Parent/Child relationships are complicated to analyze, and many books have been written on the subject. If we wish to understand how a daughter's feminist identity developed through her relationship with her mother, a considerable number of texts can be referenced. See the bibliography in Suzanna Danuta Walter's book, Lives Together/World's Apart, for a myriad of these references. If we wish to understand how a daughter's feminist identity developed through the relationship with her father, however, there are considerably less resources available. Looking through the bibliography of Victoria Secunda's book, Women and their Fathers, we see fewer pointers to texts on the subject of fathers and daughters. Even within Secunda's book, the word "feminism" does not appear in the index. Therefore we enter into a complicated and mysterious realm. How should we relate a daughter's feminist identity to her relationship with her father? In addition, when a child experiences traumatic events involving either parent, such as divorce or death, the analysis of the child's relationship with that parent becomes even more complicated. "Losing a father in childhood forever changes the shape of a daughter's identity - how she views the world and herself. Not only is her connection to the first and most important man in her life sharply curtailed or extinguished but all her perceptions, all her decisions, all her future relationships are filtered through that early, unimaginable, ineffable loss" (Secunda, 195). It is difficult to parse out which factors in the parent/child relationships clearly map to the construction of a daughter's feminist identity. Mary Gordon experienced the death of her father when she was seven years old, and his presence/absence clearly impacted her life. She wrote an entire memoir on the subject of his identity. But what remains to be said about Gordon's identity and the development of her feminist ideals in relation to her father is less clear. The Shadow Man paints an elaborate picture of Gordon's father. Through this we are expected to understand Mary Gordon as her own person.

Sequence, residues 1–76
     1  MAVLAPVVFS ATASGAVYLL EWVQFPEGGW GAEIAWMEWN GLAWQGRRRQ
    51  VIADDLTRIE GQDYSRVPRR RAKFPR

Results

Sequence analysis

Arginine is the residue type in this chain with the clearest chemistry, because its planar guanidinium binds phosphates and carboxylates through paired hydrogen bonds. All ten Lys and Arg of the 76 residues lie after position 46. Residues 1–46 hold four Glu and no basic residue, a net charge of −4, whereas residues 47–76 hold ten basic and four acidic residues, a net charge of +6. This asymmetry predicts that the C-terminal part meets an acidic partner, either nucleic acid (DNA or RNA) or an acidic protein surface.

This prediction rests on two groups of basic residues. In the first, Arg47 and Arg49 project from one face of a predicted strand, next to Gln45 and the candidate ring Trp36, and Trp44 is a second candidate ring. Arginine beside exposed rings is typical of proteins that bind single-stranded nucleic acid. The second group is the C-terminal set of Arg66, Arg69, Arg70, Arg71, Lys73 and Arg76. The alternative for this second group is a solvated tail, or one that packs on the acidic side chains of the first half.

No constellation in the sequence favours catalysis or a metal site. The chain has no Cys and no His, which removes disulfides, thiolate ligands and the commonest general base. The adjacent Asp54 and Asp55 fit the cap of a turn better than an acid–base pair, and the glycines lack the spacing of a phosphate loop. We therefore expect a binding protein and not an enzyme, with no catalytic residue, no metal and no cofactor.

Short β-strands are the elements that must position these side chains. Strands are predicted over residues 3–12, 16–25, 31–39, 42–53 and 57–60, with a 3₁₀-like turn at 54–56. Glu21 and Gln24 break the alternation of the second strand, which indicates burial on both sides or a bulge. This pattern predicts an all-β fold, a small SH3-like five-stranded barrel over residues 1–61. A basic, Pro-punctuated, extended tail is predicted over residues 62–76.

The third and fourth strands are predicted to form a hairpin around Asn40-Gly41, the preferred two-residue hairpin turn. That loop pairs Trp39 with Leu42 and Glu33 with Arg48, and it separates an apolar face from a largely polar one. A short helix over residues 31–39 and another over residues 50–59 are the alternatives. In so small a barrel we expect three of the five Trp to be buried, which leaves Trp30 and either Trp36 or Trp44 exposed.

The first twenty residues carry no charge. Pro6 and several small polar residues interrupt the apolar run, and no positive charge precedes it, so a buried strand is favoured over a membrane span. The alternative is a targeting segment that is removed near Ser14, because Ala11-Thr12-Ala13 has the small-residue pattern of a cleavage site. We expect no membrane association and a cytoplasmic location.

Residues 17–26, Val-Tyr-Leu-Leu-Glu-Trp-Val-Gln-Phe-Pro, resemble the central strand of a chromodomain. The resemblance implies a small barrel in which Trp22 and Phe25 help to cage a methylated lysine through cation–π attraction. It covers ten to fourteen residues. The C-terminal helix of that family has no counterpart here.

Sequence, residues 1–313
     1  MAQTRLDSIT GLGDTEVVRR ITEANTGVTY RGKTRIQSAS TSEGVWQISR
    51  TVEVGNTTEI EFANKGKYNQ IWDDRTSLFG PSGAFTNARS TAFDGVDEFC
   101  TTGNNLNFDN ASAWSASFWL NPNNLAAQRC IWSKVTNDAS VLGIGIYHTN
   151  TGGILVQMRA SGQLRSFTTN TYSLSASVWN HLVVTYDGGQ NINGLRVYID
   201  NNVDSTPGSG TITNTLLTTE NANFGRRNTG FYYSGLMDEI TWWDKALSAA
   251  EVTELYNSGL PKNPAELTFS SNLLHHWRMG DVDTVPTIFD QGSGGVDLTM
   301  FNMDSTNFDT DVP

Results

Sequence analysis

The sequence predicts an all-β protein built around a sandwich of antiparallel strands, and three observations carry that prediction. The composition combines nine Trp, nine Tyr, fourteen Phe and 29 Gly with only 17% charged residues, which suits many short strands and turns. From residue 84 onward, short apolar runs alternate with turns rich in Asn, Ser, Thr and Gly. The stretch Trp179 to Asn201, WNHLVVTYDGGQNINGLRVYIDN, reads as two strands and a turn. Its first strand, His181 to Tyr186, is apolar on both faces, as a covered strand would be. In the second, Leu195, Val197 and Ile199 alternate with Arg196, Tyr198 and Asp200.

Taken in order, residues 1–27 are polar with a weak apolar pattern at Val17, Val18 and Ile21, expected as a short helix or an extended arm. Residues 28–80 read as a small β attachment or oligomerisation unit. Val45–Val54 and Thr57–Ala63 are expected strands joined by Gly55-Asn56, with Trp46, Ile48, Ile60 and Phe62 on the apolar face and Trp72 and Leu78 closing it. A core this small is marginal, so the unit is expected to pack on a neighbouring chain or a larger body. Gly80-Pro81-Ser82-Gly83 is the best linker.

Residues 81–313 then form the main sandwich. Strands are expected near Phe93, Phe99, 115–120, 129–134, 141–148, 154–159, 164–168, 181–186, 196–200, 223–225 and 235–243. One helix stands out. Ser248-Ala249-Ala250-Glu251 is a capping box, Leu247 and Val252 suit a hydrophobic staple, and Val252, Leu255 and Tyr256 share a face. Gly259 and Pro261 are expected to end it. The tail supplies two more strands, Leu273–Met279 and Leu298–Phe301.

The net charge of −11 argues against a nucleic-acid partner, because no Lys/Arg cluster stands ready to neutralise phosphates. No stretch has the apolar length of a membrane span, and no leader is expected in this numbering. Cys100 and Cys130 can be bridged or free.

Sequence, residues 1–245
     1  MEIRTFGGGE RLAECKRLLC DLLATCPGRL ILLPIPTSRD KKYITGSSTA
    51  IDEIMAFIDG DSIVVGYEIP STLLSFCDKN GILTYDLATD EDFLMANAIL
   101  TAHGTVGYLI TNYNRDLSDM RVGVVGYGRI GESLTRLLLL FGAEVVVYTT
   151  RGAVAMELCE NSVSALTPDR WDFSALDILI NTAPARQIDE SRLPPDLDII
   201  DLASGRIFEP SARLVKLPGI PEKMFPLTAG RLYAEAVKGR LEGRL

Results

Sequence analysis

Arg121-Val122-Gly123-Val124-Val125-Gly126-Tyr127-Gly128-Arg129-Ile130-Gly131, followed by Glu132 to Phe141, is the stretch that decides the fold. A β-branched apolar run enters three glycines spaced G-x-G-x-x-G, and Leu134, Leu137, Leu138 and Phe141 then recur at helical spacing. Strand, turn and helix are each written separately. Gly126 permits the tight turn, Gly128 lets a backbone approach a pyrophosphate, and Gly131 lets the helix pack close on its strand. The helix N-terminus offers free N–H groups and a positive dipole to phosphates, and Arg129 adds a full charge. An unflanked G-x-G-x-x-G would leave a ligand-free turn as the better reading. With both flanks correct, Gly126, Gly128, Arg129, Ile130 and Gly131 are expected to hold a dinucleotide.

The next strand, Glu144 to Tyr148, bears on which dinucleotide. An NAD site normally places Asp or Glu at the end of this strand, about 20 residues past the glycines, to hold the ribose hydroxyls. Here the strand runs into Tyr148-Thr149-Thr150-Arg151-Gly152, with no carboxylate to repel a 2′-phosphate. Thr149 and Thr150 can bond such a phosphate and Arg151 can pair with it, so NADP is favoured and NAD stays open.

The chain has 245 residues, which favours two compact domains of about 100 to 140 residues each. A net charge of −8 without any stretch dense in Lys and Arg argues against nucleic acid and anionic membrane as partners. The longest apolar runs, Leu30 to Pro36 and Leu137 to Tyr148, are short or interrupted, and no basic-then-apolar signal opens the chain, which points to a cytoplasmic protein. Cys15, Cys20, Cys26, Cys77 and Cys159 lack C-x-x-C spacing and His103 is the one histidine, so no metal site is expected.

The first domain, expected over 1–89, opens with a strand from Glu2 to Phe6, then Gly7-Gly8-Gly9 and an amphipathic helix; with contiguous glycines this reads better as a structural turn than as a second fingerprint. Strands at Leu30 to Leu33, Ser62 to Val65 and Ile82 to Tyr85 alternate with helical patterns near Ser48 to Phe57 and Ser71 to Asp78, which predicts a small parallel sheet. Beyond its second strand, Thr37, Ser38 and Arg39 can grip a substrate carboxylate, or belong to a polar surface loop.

Who is Mary Gordon? Who does she pretend to be? In The Shadow Man, she claims she is a writer, a mother, a leftist, a catholic (Gordon, xix). She is a traveller, a reader, someone who enjoys eating candy (Gordon, 136). So far these things seem normal. There is no reason to question her identity as "a daughter who is a feminist" (Gordon, xix). Gordon portrays herself as a strong woman throughout her book. She can spend hours researching, she takes trips around the country, she raises her children, she teaches. Yet, "at the age of forty-four, I discover I am not the person I thought I am" (Gordon, xiii). And indeed we the readers discover throughout The Shadow Man that she is right, Mary Gordon is not the person she thought she was. First, we might notice inconsistency if we analyze the religious element of her life. Throughout the book, Gordon illustrates her Catholicism quite clearly to the reader. She makes it very clear that she cannot relate to the Jewishness within her, as part of her father's Jewish blood. "I would have had to be braver... to think of belonging to, the Jews, my father's people... if he didn't want it for himself, if he worked so hard to separate himself, surely he wouldn't have wanted Jewishness for me" (Gordon, 20). By the end of the book, however, she has no problem identifying herself with this culture. "I note with sadness that my father and I will not be buried among Jews" (Gordon, 265). Suddenly this identification with the Jewish culture has became acceptable to her. Does she consider herself a Jew or a Catholic now? If we can question her identity as a devout Catholic, are we justified in questioning her identity as a feminist?